Q: What Pinterest image size should I create? (and do long pins still have a place on Pinterest?)
Within certain industries, long pins are converting better than the traditional size 2:3 ratio pin images. Keep in mind that we do not encourage anyone to create long pins exclusively, because you have to work with the Pinterest algorithm.
For longer pins, the 600×1260 is the sweet spot. It’s important to A/B test your Pinterest images to learn what works for you. It’s the only way to learn what designs your people are most likely to engage with.
You don’t want to limit yourself when it comes to your Pinterest image size. Learn what works for you and your audience before cutting anything out.
Related: Pinterest for Real Estate: How One Real Estate Agent Is Killing It
Q: Do I really need to use text on my pins?
Lots of food bloggers are shooting amazing photos and are super proud of them. The last thing they want to do is cover up those beautiful images with a text box.
But if the goal is to drive clicks, it’s important to keep in mind that text plays a vital role. Pinterest visual search uses text to rank pins. The Pinterest AI can’t taste your recipe so it needs to be able to read the keywords to properly rank it.
The Pinterest user also clicks on images with text more than on those without it. If an image has no text, the user will typically bypass it in order to click on the one next to it that contains the words “30-minute Paleo Casserole Recipe”.
In every single image test that Tina has conducted, clicks are substantially higher on the images that had text overlay.
Just like with every other aspect of Pinterest marketing, there are exceptions to this rule (as outlined in this post on Pinterest for Realtors). As always, you should test it out on your own images to see what works for you and your audience.
Q: Does the copy on my pin have to match my blog title?
If your blog post is “5 Commonly Asked Questions About Pinterest”, does that specific text have to be on your Pinterest image?
The answer is No.
Even though Pinterest and Google SEO have best practices that cross over in some areas, they are very different.
If you’re writing a title to rank well on Google, it may feel very cold to a pinner whose in search and discovery mode over on Pinterest. It’s DEFINITELY ok to tweak titles and test them.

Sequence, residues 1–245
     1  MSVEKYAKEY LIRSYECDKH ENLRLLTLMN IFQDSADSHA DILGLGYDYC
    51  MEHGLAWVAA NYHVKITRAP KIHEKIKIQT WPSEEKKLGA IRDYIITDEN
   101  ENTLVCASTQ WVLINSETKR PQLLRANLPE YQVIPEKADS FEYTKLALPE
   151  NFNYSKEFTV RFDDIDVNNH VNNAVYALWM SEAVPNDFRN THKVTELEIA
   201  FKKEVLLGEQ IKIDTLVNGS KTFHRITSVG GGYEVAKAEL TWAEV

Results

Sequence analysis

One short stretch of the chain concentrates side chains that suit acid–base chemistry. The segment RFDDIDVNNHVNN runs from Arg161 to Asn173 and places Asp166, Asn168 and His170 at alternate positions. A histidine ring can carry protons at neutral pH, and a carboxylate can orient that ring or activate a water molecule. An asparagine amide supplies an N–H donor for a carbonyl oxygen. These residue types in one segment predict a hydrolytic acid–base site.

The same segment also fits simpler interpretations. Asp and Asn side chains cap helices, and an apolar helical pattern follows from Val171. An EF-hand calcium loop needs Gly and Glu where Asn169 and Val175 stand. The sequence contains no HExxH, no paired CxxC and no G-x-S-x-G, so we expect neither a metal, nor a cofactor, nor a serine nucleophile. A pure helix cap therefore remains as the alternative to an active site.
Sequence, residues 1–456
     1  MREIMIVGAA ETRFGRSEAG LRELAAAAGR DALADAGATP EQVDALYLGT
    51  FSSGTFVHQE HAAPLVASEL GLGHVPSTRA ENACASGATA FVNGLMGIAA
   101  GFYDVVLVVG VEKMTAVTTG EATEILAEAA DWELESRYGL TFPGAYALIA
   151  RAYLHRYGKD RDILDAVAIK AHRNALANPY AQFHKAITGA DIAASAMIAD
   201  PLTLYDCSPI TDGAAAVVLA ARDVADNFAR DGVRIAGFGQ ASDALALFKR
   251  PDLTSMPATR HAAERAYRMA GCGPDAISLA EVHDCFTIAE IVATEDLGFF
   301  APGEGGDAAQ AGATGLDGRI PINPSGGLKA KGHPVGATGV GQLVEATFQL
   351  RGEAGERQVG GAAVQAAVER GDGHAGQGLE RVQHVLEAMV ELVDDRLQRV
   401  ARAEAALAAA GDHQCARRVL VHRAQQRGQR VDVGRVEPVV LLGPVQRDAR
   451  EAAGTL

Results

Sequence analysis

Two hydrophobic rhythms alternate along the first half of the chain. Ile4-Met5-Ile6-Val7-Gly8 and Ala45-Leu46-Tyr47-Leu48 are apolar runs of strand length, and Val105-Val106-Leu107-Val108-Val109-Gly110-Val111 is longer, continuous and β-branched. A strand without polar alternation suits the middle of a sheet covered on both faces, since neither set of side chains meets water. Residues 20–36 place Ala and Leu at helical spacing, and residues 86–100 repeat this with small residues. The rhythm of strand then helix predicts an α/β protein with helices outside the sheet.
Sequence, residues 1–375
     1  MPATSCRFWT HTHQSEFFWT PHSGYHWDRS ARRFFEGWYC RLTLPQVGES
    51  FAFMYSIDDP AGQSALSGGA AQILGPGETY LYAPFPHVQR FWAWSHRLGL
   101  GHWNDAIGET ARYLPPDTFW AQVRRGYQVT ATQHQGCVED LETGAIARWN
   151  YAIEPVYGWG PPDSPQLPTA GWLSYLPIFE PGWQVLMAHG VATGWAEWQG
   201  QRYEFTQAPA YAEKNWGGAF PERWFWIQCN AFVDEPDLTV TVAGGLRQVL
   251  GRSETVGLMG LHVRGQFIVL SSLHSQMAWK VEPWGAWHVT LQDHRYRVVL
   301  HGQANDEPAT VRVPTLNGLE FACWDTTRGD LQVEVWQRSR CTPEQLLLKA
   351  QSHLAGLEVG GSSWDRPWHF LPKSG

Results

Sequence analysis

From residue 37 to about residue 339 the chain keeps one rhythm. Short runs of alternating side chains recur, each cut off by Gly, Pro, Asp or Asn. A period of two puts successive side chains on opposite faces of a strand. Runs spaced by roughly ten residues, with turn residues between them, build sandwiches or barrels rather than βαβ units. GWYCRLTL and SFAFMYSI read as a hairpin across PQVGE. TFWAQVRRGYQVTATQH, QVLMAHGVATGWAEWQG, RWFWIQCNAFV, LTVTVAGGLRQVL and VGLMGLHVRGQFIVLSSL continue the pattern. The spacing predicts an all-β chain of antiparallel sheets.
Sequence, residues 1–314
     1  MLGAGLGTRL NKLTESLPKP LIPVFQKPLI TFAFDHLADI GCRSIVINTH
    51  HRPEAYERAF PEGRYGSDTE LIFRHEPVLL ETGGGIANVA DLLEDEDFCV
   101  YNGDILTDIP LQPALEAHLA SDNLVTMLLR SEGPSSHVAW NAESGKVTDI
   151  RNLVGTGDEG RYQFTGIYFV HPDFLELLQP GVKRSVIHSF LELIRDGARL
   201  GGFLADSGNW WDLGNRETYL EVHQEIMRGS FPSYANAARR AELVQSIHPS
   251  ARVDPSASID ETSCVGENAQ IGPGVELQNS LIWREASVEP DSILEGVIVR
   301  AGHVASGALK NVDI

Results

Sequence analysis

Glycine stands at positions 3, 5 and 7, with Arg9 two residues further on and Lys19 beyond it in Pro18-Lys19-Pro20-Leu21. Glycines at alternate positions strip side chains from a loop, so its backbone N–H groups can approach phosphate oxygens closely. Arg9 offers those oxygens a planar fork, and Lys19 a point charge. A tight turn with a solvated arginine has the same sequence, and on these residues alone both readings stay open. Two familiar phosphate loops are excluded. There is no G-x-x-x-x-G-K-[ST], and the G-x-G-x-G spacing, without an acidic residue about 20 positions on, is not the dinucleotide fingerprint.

Clicks cause you to rank well. Clicks come when someone reads your title or sees the beautiful image and feels compelled to take action. On Pinterest’s business page they say:
The best pins are visually compelling, tell a good story, and make people want to learn more.
There you have it. We’ve covered image trends, pin copy, Pinterest image size, the need for text, and making images “clickable”.
Check out these resources to help you rock your Pinterest image creation:
- Free Pinterest image guide
- Pinterest templates
- Pin design services
- Pin portfolio
- Image consultations
- Free 30-day trial of Canva Pro (our favorite design tool)
For Further Listening/Reading:
There is no search bar on mobile. How do you find articles??
kate ahl says
Actually, there is a search bar on the mobile version of our site. On the homepage, look on the top red bar where it says “Looking for Something”?
Thank you for this helpful and succinct Q&A! I have a related Q. You mention using sans fonts…can Pinterest AI read basic serif fonts as well as it can sans? I’m thinking a font like Baskerville or Times New Roman. Those aren’t script fonts, right? Or does sans just always typically perform better?
kate ahl says
Yes, it can read basic serif fonts (Baskerville and Times New Roman will work fine). The rule of thumb is to avoid true script fonts (the ones that look like cursive writing) or any type of font that would make it challenging for a human to read (since it will likely trip up AI as well)